The problems that could be identified for commercially available reusable menstruation products through a competitor product test are the usage of various synthetic fiber materials in the products which can lead to microplastic emissions during the home laundering process, the usage of biocides and that a good performance can only be achieved by compromising the comfort of the product. As a result, the aim in the development of a concept for a sustainable menstruation panty was to combine the three aspects of comfort, performance and sustainability in one product.
The competitor product analysis rates the products against each other in the categories shown in table 1. The categories’ performance and sustainability are graded double as they are the main interest of this paper. The worst product is rated with 10 and the best product with 1 point. The test has been performed in 2021 and the tested products were selected out of the main markets of Europe and North America.
The test method used for the evaluation of the performance was an adaption of the acquisition time and rewet test that measures the time a certain amount of liquid takes to be absorbed by the tested specimen and the amount of liquid that is given back to a filter paper form the tested specimen under the pressure of 1 kg. The target is to keep both values as low as possible. For the competitor product test liquid amounts of 10, 15 and 20 ml were used. The material tests were carried out with a defined sample size of 15 x 8 cm and a liquid volume of 10 ml. In addition to that, the thickness, the air permeability and the weight of all samples were measured in order to gain information on wearing comfort.
The final rating of the competitive product test can be seen in Table 1. The performance values of the winning German company are an average acquisition time of 3.73 seconds and an average rewet value of 3.77 g at a test liquid volume of 15 ml. It is also noticeable that there is a huge variance in all measured values of the period pants over the testing span of 26 washing cycles which equivalents two years of usage.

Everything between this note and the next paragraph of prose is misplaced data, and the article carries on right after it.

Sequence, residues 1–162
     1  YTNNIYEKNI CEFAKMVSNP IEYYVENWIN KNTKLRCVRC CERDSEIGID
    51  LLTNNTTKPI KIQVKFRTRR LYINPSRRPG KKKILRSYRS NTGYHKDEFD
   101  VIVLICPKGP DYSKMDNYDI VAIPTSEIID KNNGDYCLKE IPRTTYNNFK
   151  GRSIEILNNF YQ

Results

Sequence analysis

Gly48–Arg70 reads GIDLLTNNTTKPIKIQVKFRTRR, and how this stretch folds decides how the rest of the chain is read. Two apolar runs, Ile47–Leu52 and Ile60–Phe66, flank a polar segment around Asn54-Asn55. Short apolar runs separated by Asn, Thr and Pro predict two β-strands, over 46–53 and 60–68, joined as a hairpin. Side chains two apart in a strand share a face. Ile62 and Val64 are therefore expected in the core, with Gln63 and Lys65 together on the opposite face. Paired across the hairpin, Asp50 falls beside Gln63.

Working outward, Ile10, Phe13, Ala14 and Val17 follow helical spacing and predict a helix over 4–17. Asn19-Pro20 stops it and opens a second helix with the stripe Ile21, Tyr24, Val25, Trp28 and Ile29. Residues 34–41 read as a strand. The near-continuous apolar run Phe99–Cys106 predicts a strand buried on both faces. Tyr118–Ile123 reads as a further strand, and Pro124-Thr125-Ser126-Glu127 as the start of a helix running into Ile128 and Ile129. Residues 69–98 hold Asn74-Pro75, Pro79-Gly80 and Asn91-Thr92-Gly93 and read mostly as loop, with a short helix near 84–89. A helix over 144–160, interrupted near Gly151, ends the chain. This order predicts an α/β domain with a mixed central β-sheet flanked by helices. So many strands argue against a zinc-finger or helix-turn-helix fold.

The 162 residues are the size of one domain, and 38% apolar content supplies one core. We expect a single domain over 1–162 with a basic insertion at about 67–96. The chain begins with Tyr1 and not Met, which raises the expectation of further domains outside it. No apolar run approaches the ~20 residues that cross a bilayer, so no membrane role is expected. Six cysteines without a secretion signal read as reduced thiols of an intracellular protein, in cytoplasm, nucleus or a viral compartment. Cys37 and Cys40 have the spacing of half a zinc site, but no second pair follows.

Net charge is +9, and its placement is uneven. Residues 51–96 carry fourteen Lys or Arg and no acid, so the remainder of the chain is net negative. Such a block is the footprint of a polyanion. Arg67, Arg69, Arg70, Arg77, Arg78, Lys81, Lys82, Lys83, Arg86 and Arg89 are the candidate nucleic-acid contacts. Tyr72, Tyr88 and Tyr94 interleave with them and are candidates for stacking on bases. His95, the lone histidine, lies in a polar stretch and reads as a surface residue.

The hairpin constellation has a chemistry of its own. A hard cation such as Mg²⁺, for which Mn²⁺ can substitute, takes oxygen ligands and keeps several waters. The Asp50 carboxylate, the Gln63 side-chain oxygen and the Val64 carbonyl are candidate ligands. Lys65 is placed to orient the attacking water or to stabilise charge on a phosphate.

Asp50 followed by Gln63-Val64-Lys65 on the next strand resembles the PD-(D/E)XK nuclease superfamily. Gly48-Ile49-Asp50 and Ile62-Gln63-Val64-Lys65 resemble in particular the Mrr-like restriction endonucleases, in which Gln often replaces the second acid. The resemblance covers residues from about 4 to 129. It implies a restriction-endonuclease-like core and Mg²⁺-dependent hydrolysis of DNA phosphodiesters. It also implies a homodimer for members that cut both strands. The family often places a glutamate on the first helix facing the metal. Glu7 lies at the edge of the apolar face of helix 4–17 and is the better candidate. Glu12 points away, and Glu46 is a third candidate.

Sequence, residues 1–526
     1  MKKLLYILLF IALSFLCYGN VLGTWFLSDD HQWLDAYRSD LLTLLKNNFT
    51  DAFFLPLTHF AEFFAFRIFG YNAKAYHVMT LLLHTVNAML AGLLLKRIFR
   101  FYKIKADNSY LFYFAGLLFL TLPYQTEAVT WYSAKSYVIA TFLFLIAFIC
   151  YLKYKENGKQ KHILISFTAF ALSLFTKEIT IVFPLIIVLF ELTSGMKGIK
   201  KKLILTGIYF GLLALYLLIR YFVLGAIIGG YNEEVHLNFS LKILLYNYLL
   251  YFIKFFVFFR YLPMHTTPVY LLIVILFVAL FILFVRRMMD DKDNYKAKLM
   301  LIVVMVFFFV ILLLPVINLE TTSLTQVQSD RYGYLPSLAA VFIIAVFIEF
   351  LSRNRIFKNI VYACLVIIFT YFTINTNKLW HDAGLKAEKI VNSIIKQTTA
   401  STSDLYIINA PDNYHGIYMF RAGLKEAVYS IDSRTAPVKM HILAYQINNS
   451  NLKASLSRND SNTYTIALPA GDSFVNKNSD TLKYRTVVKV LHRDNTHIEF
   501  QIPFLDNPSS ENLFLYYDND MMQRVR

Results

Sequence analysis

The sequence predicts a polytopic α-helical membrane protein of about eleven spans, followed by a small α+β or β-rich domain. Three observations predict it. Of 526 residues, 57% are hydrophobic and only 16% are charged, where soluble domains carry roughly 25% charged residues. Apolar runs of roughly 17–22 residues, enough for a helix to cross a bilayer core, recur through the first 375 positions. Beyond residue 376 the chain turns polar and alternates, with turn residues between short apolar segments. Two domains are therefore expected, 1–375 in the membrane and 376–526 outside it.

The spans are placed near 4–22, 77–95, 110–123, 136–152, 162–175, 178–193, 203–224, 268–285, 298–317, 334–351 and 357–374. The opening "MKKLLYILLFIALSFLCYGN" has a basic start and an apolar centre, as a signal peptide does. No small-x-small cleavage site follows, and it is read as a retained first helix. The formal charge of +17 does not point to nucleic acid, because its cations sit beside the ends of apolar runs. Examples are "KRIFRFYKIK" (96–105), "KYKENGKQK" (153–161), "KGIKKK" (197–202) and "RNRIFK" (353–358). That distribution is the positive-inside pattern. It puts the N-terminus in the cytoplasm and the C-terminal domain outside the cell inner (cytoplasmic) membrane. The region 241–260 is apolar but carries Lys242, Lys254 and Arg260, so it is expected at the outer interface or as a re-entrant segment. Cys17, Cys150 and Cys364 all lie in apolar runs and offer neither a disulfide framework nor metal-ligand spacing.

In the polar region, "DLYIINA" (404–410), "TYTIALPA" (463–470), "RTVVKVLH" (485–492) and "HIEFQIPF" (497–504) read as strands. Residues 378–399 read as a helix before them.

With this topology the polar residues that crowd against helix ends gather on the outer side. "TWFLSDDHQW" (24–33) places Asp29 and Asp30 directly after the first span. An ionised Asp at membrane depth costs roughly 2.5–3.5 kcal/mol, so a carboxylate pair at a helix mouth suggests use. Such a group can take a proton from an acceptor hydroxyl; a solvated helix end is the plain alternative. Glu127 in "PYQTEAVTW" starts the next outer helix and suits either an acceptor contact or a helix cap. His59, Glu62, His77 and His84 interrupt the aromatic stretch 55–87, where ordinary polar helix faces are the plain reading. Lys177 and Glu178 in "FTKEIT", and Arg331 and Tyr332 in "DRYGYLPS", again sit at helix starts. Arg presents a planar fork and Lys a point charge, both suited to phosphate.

The concept of Kelheim Fibres sustainable menstruation panty can be structured into three parts: The fiber composition, the textile structure and the product assembly as shown in figure 1. A menstruation panty is structured into four different layers: the topsheet, the acquisition distribution layer, the absorbent core and the backsheet. To gain an ideal performance the interaction between the layers has to be adjusted correctly.
For the fiber composition the specialized viscose fibers Danufil®, Galaxy® and Bramante are used. The standard viscose fibre Danufil® is used in the topsheet. For the acquisition distribution layer the trilobal Galaxy® fiber is perfectly suited as the trilobal cross-section builds capillary channels and enhances the liquid transportation and wicking properties. In the absorbent core the segmented hollow Bramante fiber is used as it has a high-water retention capacity and can absorb liquids up to 200% of its own weight. As blending components for the specialized viscose fibers Viloft®, a flat but clowed shaped viscose fiber, and the standard viscose fiber Danufil® are perfectly suited. To find a sustainable material for the waterproof backsheet of the period panty presented a challenge. Suitable options are a bio-based and biodegradable polymer film, a sustainable waterproof coating or a special weaving technology.
In addition to that the textile layers are important. In the topsheet a single jersey knitted structure with integrated tucks can create a perforation effect and therefore decrease the acquisition time of the product. In the acquisition distribution layer, a double piquè knitted structure is best suited and in the absorbent core a pile-loop knitted structure creates enough space for the liquid absorption.